New ‘All About Nina’ Clip plus Interview With Director Eva Vives

EW has debuted a brand new clip of Mary in writer/director Eva Vives’ All About Nina, hitting select theaters in New York and Los Angeles tomorrow. Additionally, Entertainment Weekly talked to Eva about how she turned her real life trauma into this film, which is loosely based on her.

 

There’s a distinct rage coursing throughout Nina and the film, too. I don’t mean to probe into your past, but is that what inspired the script: a personal rage from a similar experience?
I wouldn’t say it was the rage that sparked me wanting to tell it, but I certainly didn’t want to shy away from the rage…. Until very recently it wasn’t really allowed in women, but that doesn’t mean we don’t feel it. We’re certainly feeling it a lot more in the last year — specifically this week. I’m incredibly triggered by what’s going on with the Kavanaugh hearings and how Dr. Ford is being treated. I’m upset that it feels like she’s being bullied into testifying and it’s a bunch of white, straight men trying to overpower her and not believe her! I was, funnily enough, trying to write a movie that’s somewhat hopeful for survivors. At the end of the day, she’s somebody who has a passion and does what she does well, and hopefully by the end of the movie you feel like she will at least be able to open herself up to love. I also didn’t want that to mean she wasn’t in touch with her anger and her rage. Keeping that stuff down is really hurtful.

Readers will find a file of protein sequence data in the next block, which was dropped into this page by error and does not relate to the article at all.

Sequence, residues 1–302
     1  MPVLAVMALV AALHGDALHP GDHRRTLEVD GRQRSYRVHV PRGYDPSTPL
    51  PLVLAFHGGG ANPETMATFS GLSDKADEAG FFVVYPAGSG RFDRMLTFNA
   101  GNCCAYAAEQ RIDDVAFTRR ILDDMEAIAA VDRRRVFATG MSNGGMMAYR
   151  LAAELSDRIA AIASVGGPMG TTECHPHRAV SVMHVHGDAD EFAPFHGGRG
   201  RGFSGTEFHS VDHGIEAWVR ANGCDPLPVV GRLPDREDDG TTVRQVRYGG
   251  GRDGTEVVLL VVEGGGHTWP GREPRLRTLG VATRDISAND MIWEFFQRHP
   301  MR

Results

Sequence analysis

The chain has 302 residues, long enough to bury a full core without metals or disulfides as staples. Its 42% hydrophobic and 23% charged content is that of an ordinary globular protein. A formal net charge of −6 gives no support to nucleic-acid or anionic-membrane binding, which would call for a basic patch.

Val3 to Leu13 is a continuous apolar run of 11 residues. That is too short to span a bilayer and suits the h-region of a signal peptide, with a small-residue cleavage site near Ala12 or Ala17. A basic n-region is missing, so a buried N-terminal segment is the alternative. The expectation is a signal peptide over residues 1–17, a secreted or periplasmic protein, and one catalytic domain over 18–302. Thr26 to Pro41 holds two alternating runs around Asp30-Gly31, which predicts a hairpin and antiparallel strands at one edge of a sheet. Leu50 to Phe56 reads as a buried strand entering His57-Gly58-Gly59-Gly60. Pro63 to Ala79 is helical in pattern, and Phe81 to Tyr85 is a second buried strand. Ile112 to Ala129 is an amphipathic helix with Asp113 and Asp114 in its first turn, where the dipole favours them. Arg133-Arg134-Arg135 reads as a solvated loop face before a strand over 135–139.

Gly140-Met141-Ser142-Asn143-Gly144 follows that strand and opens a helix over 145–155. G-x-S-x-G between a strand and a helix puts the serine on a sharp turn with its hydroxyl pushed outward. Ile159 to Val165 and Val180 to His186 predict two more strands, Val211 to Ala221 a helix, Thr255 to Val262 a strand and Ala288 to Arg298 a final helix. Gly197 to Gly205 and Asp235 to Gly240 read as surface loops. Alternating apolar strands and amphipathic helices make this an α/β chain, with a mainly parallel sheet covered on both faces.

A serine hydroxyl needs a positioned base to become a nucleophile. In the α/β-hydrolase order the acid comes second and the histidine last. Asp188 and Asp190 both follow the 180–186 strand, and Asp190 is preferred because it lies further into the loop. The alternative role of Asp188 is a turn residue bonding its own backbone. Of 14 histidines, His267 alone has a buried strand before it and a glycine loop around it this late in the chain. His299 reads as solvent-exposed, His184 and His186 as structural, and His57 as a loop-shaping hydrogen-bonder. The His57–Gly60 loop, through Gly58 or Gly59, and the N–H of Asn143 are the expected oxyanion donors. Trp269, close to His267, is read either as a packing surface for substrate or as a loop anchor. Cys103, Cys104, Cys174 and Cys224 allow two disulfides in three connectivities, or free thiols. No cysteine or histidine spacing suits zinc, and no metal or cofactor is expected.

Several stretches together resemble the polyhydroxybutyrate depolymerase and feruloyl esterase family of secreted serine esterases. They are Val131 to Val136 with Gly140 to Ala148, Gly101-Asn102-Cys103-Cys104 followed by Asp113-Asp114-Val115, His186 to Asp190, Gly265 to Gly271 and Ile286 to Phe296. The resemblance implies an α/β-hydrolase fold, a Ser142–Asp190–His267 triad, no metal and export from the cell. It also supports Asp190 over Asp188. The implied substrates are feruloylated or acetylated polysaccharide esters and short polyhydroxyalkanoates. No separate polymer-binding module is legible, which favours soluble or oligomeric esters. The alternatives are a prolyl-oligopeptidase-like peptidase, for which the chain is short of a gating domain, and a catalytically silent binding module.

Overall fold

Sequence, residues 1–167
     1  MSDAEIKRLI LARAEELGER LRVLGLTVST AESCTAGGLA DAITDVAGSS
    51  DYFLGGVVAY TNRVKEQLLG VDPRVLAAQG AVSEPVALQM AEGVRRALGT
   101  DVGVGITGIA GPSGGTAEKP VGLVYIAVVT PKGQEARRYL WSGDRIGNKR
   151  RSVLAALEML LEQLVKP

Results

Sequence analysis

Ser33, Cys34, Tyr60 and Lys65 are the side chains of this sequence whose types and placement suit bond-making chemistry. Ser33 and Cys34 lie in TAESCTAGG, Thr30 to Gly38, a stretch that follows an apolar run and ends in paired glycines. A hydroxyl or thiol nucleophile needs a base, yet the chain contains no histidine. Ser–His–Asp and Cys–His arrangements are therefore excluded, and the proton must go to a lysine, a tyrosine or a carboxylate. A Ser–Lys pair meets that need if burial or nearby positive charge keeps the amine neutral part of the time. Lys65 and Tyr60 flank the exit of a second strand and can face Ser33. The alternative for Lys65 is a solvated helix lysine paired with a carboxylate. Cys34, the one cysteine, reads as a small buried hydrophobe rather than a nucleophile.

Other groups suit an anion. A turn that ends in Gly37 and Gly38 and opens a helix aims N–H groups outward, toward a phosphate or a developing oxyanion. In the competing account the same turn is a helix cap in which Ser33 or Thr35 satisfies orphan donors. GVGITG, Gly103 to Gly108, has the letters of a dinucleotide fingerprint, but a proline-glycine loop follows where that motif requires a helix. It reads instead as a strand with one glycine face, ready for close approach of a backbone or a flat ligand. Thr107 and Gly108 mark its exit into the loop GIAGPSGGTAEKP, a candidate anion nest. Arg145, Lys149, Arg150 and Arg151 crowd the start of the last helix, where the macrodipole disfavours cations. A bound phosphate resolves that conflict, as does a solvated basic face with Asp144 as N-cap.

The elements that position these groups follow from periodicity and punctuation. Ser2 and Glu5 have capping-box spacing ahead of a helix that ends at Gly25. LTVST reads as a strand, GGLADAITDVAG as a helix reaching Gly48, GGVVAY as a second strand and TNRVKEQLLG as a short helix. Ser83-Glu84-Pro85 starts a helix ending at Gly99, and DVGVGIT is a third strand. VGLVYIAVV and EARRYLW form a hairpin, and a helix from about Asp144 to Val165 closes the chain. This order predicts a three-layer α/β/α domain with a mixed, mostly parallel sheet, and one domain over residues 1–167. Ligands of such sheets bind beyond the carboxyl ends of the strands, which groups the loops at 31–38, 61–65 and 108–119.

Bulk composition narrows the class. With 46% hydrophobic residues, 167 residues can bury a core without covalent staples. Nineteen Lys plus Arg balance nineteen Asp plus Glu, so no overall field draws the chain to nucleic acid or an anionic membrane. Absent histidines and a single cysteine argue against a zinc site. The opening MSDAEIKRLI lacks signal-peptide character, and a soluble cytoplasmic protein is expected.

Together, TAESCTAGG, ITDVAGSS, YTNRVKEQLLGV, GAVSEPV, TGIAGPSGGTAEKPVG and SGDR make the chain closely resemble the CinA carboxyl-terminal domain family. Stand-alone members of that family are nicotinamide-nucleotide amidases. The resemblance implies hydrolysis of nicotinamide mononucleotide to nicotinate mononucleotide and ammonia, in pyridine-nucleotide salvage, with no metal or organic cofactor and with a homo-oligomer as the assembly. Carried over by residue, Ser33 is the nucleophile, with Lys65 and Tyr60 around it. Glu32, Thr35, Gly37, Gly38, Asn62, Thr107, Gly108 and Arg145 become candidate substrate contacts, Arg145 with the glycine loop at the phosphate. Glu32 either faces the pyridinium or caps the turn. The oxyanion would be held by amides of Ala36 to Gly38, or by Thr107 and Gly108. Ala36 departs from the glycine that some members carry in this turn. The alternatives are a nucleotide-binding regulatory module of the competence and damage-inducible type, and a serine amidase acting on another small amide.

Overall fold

You’re a survivor as well?
It’s very much my story, except I’ve never done stand-up comedy. Everything else is very much taken out of my life. Definitely in terms of everything she says on stage during her breakdown is me. I was abused by my father for eight years.

Was writing Nina’s liberation liberating for you?
The liberation happened already; that’s why I was able to write about it because I didn’t have to create that much. She’s similar to how I was in my twenties. I’ve calmed down since…. The bulk of my recovery — not that it ever ends — was 10-12 years of living in New York, exhibiting [destructive] behaviors Nina does…. I was able to write this with some distance because I’d recovered and healed enough. I also had a son five years ago, and becoming a parent gave me that kind of power. I want to be strong and good for him in the way my parents weren’t able to be for me, and that gave me strength and security.

It was more empowering to write in the sense that I don’t really think about my father anymore. As Nina also says in the movie, he committed suicide years ago, so he was already not part of my life. For me, maybe it will be liberating soon enough…. We’ll see what happens when it comes out. It was empowering to at least have some say on how I told the story, because for so long he defined me, what he did to me or what he was how I had to live.

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